And, of course, the Naxalite movement has also encompassed revolutionary changes in art & literature, and when the artists, writers and poets have mingled with those who have been kept unlettered  over generations, the latter have begun to demonstrate that literary and artistic creativity is not the prerogative of the upper caste-class elite alone (pp 253, 258, 274).  Hence, Section II must be read alongside Section III on state repression of the movement, Section IV on revolutionary culture, and Section V on some significant Maoist intellectuals/leaders, departed friends of the author. One must keep in mind the links/interconnections of each of the sections with the others.

There have been two streams of the Naxalite/Maoist movement in AP, one following from the Srikakulam armed struggle of the late 1960s and the AP State Committee of the Communist Party of India (Marxist-Leninist) [CPI(ML)], whose main inheritors in the CPI(ML) (Central Organising Committee) [CPI(ML)(COC)], went on to form the CPI(ML)(People’s War) [CPI(ML)(PW)] in 1980 after a self-critical appraisal, and with mid-course corrections, ultimately formed the CPI (Maoist) in September 2004. This stream, I must add, should be highly indebted to persons like Kondapalli Sitaramaiah (KS, 1915-2002) from the late 1960s to 1987.

The other rivulet of the movement stems from the AP Coordination Committee of Communist Revolutionaries led mainly by Tarimela Nagi Reddy (“TN” as he was called, 1917-76, the author of India Mortgaged) and Chandra Pulla Reddy (CP, 1917-84), who didn’t join the CPI (ML) when it was formed in 1969. The two subsequently went their own way, with TN’s followers (then led by D V Rao) in the Unity Centre of Communist Revolutionaries of India (ML) [UCCRI (ML)] and CP’s supporters in CPI (ML) (Vimochana). Readers interested in keeping track of the splits, amalgamations, splits again, and subsequent mergers as regards the second stream of the movement may look at the flow chart on page 104. Suffice it to say, for our purpose, in AP in 2005, on the one side, the CPI (Maoist) overwhelmingly represented the first stream; in the other, the CPI (ML) (Janashakti) was the foremost Party.

 ‘Mass-Line’ Politics

The CPI (ML) (COC) in AP, which took over the tasks of the AP State Committee of the original CPI (ML) when it split, critically reviewed the experience of the Srikaulam movement, and also went on to develop a new strategy and tactics document called “Road to Revolution”, whose first seeds sprouted in Karimnagar and Adilabad districts, especially in the Sircilla and Jagityal taluks of the former, soon after the Emergency was lifted. These taluks were declared as “disturbed areas” in October 1978, and it was here that Mupalla Laxman Rao [the present general secretary of the CPI (Maoist)] and Mallojula Koteswara Rao found themselves in Ganapathy and Kishenji respectively.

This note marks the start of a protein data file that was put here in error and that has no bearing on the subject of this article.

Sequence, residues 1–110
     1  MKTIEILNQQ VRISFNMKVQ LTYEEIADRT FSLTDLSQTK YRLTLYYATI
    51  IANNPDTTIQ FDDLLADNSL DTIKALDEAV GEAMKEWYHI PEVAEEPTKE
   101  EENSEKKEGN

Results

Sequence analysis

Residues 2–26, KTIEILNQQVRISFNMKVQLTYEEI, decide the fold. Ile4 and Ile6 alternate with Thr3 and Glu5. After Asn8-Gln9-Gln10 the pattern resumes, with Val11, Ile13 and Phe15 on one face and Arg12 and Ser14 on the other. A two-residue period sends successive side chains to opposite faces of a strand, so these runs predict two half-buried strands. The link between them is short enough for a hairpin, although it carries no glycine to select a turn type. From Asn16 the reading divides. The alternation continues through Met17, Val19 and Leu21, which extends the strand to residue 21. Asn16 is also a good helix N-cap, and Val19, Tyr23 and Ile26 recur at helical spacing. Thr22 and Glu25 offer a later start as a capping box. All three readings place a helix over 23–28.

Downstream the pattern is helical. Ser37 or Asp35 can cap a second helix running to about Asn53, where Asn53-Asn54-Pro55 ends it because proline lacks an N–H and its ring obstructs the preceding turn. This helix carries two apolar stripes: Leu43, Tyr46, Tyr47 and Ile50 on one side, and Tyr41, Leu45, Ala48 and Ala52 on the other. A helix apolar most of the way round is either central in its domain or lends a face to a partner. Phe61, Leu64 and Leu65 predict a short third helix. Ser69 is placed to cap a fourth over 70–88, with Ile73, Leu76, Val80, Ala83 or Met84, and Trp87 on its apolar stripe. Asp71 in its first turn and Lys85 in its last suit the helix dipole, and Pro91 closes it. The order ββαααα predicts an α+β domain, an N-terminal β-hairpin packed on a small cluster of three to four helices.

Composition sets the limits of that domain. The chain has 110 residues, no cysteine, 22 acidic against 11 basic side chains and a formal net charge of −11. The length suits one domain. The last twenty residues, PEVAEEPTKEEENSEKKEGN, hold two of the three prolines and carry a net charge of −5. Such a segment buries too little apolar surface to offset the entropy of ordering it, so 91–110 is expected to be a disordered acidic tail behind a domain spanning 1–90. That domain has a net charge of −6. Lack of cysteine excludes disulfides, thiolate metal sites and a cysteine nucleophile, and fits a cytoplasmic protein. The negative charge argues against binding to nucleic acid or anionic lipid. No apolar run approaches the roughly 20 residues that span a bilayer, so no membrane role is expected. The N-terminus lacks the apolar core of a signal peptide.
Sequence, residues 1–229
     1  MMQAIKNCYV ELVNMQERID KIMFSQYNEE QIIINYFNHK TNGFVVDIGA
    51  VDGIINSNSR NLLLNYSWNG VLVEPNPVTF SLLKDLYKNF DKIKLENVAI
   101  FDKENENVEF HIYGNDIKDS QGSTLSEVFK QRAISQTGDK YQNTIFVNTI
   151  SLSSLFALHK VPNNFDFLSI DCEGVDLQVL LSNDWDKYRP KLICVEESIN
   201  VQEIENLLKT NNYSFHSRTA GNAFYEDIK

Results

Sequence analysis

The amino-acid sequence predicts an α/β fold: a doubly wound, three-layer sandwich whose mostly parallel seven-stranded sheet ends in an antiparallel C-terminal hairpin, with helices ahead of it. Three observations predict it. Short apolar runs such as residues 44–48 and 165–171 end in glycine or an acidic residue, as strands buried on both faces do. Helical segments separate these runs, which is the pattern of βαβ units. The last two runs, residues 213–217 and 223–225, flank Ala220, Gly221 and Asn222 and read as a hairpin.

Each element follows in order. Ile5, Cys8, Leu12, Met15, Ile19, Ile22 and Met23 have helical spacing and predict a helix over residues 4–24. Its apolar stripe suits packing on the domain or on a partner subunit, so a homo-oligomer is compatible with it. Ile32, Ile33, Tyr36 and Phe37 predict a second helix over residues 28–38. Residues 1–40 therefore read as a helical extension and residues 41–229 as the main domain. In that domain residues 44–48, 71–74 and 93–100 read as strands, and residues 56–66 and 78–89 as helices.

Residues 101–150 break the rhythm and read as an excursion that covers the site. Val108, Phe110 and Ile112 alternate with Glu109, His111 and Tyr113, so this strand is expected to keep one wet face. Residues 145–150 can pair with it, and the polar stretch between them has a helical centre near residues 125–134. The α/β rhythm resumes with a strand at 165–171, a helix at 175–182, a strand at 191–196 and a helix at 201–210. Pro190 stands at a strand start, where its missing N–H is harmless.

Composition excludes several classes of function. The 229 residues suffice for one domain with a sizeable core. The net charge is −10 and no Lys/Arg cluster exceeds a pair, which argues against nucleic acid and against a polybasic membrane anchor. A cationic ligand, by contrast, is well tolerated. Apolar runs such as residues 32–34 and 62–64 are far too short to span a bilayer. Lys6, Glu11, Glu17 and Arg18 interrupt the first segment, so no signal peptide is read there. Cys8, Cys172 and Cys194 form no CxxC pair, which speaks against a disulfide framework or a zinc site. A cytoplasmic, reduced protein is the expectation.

It was struggles such as these that formed the groundwork for the formation of the CPI (ML) (PW) in 1980. The preliminary works include the formation of the Revolutionary Writers Association (RWA, or Virasam in Telugu) in July 1970, the Jana Natya Mandali in 1972, the RSU in 1974, and the Radical Youth League (RYL) in May 1975, and later, the Rythu Coolie Sangham (RCS) and the Singareni Karmika Samakhya (Sikasa). In all of such “mass-line” (“from the masses, to the masses”) politics, it is my view that when a careful history of the Naxalite movement comes to be written, the significant contribution of KS and his close comrades will have to be acknowledged.[3]

All the organisations of the CPI (ML) (PW) worked in close concert, and it was the Indravelli massacre – police firing on 20 April 1981 on a group of tribal people who had gathered to attend a district-level conference of the Girijana RCS that killed “anywhere between 13 and 60 persons” (p 93) – that signalled the stifling of all the Party’s mass outfits. The Sikasa, of course, helped build the proletarian base of the CPI(ML)(PW), which would lend a hand in then cementing the worker-peasant alliance. As Venugopal puts it (p 94):

Since the coal belt … [adjoined] the areas of ongoing peasant struggles and most of the mine workers came from those peasant families, the working class in the coal belt was both influenced by Naxalite politics and offered a much-needed working class composition to the movement.

But by 1985, it became clear that the state was not going to allow any open, legal political work of the CPI (ML) (PW) and its mass organisations. The “go to the villages” campaigns of the RSU and the RYL then became a thing of the past. The period 1985-89 was marked by severe repression of the movement, with “encounter killings” (extra-judicial killings) even taking place in the villages and towns, where previously they were confined to the forests, and Latin America-style “missing” (forced disappearance) was added to the state’s counterinsurgency tactics. There was, however, an interregnum when the then Party in the opposition (to the Telugu Desam in power), the Congress, made an electoral promise to relax state repression and restore democratic rights, and when it did come to power, the CPI(ML)(PW) and its mass organisations could once again practice open, legal, mass politics. For instance, in May 1990, the RCS’ state conference in Warangal culminated in a mass meeting that “was attended by a record 12 lakh people” (p 95). The call for land occupation and re-distribution got an overwhelming response.